2012-10-25 / Top News

Highland declares emergency

By John Bruce, Staff Writer

MONTEREY- Highland County officials declared a state of emergency at noon Tuesday (yesterday) in response an extended power outage with no end in sight. Superstorm Sandy’s high winds knocked out power to an estimated 90 percent of the county. Except for the sheriff’s department, all county offices were closed for as long as the outage lasts.

Sheriff Tim Duff said  Mon Power indicated  service to Highland would be restored by Thursday night.

“No power and extreme temperatures are the main reasons,” emergency services coordinator Harley Gardner said.

“Our elderly population needs care, and at times like these we reach out. It’s a matter of having the capability to deal with it.” Sheriff Tim Duff said. He said gasoline was on sale at Rexrode’s Country Store and Mountain Oasis. No gas was being pumped in Monterey.

Meeting in the county sheriff’s office while declaring the disaster were Gardner, Sheriff Tim Duff, county administrator Roberta Lambert and supervisors chair David Blanchard. They issued an initial situation report to the Virginia Department of Emergency Management. “Not knowing when the power is coming back on is the situation,” Blanchard said.

The county set up heating and comfort stations in the Monterey Firehouse, McDowell Firehouse and Bolar Ruritan.

Duff notified Highland Social Services and VPAS of the emergency. VPAS director Kathryn Coit and local council chair Sharon Hevener were preparing to check on seniors by telephone Sunday afternoon from the sheriff’s office.

Shenandoah Valley Electric Cooperative, which serves the county’s central and western portions, reported 1,414 Highland members without power Tuesday. Mike Aulgur, SVEC manager of external affairs, said that supplier FirstEnergy gave no indication when service might be restored. He said SVEC was working through its wholesale power provider “to exert some pressure” on FirstEnergy.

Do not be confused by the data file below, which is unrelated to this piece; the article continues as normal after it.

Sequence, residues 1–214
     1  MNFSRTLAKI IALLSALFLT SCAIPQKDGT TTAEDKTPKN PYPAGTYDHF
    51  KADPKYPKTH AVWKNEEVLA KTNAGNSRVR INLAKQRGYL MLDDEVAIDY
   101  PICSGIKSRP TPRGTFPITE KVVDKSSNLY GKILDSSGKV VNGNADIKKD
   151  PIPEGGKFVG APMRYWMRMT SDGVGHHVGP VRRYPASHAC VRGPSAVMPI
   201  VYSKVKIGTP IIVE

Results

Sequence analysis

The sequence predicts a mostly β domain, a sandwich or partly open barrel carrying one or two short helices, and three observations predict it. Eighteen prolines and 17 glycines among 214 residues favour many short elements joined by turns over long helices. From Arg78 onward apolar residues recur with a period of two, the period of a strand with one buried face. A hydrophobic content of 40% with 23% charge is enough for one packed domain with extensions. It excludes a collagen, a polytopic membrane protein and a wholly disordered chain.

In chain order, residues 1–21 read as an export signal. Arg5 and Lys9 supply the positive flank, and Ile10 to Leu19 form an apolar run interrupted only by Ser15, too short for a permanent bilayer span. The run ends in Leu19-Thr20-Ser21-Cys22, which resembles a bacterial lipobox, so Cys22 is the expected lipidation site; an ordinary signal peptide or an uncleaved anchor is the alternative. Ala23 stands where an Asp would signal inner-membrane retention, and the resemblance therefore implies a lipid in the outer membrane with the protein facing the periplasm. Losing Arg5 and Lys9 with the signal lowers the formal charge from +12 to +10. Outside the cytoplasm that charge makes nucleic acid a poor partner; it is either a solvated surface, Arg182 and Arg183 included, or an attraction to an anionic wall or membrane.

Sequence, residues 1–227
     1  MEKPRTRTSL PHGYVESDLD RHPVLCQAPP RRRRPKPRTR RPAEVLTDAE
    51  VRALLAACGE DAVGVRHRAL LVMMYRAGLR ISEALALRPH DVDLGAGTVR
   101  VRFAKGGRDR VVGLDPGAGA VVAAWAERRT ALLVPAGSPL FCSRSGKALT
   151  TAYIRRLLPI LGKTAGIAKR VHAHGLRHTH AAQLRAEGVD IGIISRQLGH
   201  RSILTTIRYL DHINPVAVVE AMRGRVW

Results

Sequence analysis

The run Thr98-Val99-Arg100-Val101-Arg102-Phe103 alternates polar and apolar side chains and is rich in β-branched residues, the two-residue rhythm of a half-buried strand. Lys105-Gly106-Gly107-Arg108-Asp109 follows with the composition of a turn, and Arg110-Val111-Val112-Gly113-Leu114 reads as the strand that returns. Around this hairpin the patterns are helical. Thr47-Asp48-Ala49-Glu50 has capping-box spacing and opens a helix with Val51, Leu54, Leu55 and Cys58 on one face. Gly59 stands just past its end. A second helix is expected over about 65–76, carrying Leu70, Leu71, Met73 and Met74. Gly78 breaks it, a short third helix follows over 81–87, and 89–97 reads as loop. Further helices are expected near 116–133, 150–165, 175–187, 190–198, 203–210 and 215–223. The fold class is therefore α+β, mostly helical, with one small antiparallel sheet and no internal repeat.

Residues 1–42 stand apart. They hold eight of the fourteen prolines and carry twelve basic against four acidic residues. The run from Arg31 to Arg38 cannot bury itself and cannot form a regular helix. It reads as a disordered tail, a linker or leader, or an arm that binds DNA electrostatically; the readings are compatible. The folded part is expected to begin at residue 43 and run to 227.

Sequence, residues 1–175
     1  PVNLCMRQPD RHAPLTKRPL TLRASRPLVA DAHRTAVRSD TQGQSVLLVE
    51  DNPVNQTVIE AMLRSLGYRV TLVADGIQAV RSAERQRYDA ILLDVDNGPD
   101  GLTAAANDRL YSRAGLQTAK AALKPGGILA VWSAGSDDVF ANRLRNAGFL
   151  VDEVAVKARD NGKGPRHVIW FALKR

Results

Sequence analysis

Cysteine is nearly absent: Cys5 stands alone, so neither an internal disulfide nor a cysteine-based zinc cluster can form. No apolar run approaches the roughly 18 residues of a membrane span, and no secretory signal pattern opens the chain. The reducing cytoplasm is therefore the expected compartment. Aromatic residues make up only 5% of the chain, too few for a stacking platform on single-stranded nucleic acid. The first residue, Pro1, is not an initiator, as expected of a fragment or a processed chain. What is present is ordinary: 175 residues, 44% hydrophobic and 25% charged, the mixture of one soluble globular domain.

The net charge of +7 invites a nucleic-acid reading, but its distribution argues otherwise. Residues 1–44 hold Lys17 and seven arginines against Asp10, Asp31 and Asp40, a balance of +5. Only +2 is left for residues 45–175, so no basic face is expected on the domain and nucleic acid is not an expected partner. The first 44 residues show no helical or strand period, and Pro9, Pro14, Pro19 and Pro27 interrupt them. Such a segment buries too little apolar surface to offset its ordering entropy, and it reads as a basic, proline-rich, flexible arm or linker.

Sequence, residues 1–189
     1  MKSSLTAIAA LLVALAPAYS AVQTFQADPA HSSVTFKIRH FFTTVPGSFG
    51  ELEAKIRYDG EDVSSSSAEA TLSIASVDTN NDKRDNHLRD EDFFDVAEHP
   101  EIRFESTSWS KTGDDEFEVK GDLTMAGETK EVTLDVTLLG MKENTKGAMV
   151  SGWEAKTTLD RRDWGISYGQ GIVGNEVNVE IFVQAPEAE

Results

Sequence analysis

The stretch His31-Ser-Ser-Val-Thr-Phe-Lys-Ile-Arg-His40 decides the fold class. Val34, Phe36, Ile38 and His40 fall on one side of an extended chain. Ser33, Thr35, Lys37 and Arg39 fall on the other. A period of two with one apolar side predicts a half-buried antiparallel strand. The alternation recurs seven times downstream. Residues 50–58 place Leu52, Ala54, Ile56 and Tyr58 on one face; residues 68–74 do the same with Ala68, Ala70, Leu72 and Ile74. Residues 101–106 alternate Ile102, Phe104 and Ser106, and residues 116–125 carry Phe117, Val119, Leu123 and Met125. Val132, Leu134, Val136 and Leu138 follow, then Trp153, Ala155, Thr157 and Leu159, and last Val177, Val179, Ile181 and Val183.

With “heavy snows now subsiding, comprehensive damage assessments are continuing.” FirstEnergy said in a statement Tuesday evening. “These assessments are a critical component in the ability to dispatch repair crews and determine estimated restoration times.” The statement went on to say that “helicopter patrols will be used in West Virginia when flying conditions improve.” FirstEnergy subsidiary Mon Power owns the line that extends from West Virginia and feeds power to Highland.

Asked whether plans are to pursue high-level action with the Federal Energy Regulatory Commission, SVEC CEO Myron Rummel said  ODEC has been involved with several different issues lately with First Energy. “In talking with the (ODEC) folks in Richmond, they are laying the groundwork to pursue further actions. 

“I cannot talk about the details, but suffice it to say they are actively working to get action. I can't say they are making progress as fast as I would hope, but I know they are working toward resolution,” Rummel said.

BARC Electric Cooperative, which serves the eastern half of the county, counted 572 members out, all toward the center of the county on lines fed by FirstEnergy.

Duff urged county residents with working phones to check on their neighbors, particularly elderly people, and to be willing to share resources. Highland Telephone Cooperative’s generators were up and running, he said.

“If you’ve got a gas grill and some propane, invite your neighbors over for dinner,” he said. “It’s all the little things. Let’s take what we learned in June,” he said, referring to the major windstorm June 29 that pummeled the county and left residents without power for a week.

Duff said residents have exercised “extreme calm” during the outage. “The public has called offering to assist,” he said, adding the department will avail itself to those opportunities as needs arise. “It’s all about locals helping locals,” he said.

“Conserve resources such as heat and water,” Duff said.

County administrator Lambert said the McDowell and Monterey municipal water system wells were full and ready for fire fighting.

“All emergency services are in full operation,” Duff said. “Should an emergency arise, call 911, or if you have a specific need, call 468-2210.”

Late Tuesday afternoon, Highland County Schools announced they would be closed Wednesday, for a third day, due to the outage.

Wednesday morning, Duff reported trick-or-treaters should plan to go out Saturday night, instead of Wednesday night.

Updates will be posted here as new information becomes available today.

 

 

 

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